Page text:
Millimeter-long filaments and accompanying luminous plasma and defect channels created in fused silica (FS) by single focused femtosecond laser pulses with supercritical powers were probed in situ using optical imaging and contact ultrasonic techniques. Above the threshold pulse energy Eopt = 5 μJ corresponding to a few megawatt power levels pulses collapse due to self-focusing, producing channels filled by electron-hole plasma and luminescent defects, and exhibits predominantly compressive pressure transients. Analysis of the optical and ultrasonic response versus the laser pulse energy suggests that filamentary pulse propagation in the channels occurs with considerable dissipation of about 10 cm−1. The predominant ionization mechanism is most likely associated with avalanche ionization, while the main mechanism of optical absorption is free-carrier absorption via inverse Bremsstrahlung interaction with the polar lattice.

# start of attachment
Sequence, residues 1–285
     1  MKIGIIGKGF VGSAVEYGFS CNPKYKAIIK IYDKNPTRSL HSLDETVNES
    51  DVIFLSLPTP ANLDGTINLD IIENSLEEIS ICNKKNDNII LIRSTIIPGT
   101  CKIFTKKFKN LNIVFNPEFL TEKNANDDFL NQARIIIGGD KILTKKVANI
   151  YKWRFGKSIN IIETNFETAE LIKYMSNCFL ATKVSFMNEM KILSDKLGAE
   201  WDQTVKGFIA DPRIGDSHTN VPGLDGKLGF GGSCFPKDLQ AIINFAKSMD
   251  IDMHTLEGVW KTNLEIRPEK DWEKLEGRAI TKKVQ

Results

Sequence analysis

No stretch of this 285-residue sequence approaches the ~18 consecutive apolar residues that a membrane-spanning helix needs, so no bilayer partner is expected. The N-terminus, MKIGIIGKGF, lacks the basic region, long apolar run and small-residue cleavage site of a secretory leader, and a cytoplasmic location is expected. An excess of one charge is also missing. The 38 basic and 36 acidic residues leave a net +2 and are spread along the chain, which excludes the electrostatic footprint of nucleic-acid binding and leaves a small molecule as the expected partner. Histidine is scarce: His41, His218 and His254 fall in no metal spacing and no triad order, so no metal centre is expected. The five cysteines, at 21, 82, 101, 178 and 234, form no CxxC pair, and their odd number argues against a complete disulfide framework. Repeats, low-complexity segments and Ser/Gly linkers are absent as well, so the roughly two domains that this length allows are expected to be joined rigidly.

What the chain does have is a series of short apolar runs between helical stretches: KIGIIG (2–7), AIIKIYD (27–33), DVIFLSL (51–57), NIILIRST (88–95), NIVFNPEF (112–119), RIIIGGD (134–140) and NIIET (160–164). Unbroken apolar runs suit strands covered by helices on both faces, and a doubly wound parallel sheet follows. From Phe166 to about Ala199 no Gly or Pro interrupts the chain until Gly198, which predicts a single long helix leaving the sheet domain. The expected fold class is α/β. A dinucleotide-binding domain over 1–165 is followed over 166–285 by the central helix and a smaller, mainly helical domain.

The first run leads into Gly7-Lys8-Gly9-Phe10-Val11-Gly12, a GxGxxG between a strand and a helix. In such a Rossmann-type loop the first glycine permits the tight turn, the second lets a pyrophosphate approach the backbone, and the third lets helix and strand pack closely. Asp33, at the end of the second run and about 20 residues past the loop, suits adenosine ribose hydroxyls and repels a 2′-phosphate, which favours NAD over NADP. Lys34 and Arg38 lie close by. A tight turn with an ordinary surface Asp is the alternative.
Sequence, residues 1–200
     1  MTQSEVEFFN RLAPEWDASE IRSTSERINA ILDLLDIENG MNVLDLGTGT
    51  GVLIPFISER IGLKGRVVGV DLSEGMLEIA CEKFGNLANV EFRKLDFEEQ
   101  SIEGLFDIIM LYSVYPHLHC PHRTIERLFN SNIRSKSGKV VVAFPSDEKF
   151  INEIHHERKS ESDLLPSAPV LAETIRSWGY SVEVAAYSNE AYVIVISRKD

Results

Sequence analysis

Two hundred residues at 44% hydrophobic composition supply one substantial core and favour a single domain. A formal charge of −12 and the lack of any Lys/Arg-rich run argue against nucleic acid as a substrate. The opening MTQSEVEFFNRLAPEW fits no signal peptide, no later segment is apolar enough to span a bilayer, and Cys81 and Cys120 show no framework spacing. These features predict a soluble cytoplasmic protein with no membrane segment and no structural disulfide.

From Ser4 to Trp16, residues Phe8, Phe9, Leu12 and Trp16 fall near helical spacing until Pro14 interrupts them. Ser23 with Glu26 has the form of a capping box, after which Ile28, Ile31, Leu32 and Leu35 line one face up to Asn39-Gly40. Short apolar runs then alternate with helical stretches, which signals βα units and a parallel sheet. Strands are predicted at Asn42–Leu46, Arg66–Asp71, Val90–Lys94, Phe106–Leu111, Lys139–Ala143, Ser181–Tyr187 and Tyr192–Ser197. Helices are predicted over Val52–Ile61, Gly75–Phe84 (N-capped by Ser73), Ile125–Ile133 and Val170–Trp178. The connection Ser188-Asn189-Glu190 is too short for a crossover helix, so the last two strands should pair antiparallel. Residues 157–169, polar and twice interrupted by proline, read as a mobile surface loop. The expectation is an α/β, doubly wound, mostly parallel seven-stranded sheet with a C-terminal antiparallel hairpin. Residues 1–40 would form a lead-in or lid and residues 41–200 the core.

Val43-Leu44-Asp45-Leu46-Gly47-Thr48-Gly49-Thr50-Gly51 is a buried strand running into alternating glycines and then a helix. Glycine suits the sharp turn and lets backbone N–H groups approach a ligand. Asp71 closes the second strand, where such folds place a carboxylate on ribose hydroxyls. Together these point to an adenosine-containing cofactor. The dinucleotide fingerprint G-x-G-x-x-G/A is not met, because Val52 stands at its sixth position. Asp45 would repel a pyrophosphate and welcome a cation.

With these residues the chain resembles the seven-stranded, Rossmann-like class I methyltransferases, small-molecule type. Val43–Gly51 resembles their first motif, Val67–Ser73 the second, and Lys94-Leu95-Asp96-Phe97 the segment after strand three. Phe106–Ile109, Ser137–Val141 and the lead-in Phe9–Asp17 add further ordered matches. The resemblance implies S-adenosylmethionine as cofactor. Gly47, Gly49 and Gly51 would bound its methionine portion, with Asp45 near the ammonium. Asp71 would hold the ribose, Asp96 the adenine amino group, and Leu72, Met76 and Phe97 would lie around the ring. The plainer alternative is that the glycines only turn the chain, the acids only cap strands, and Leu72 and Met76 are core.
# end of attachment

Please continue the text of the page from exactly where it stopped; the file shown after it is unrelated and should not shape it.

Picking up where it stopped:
Applied Surface Science: proceedings of the Sixth International Conference on Photo-Excited Processes and Applications (6-ICPEPA), Sapporo, Japan, 09-12 September 2008,
Vol. 255, no. 24 (Sep 2009), pp. 9721-9723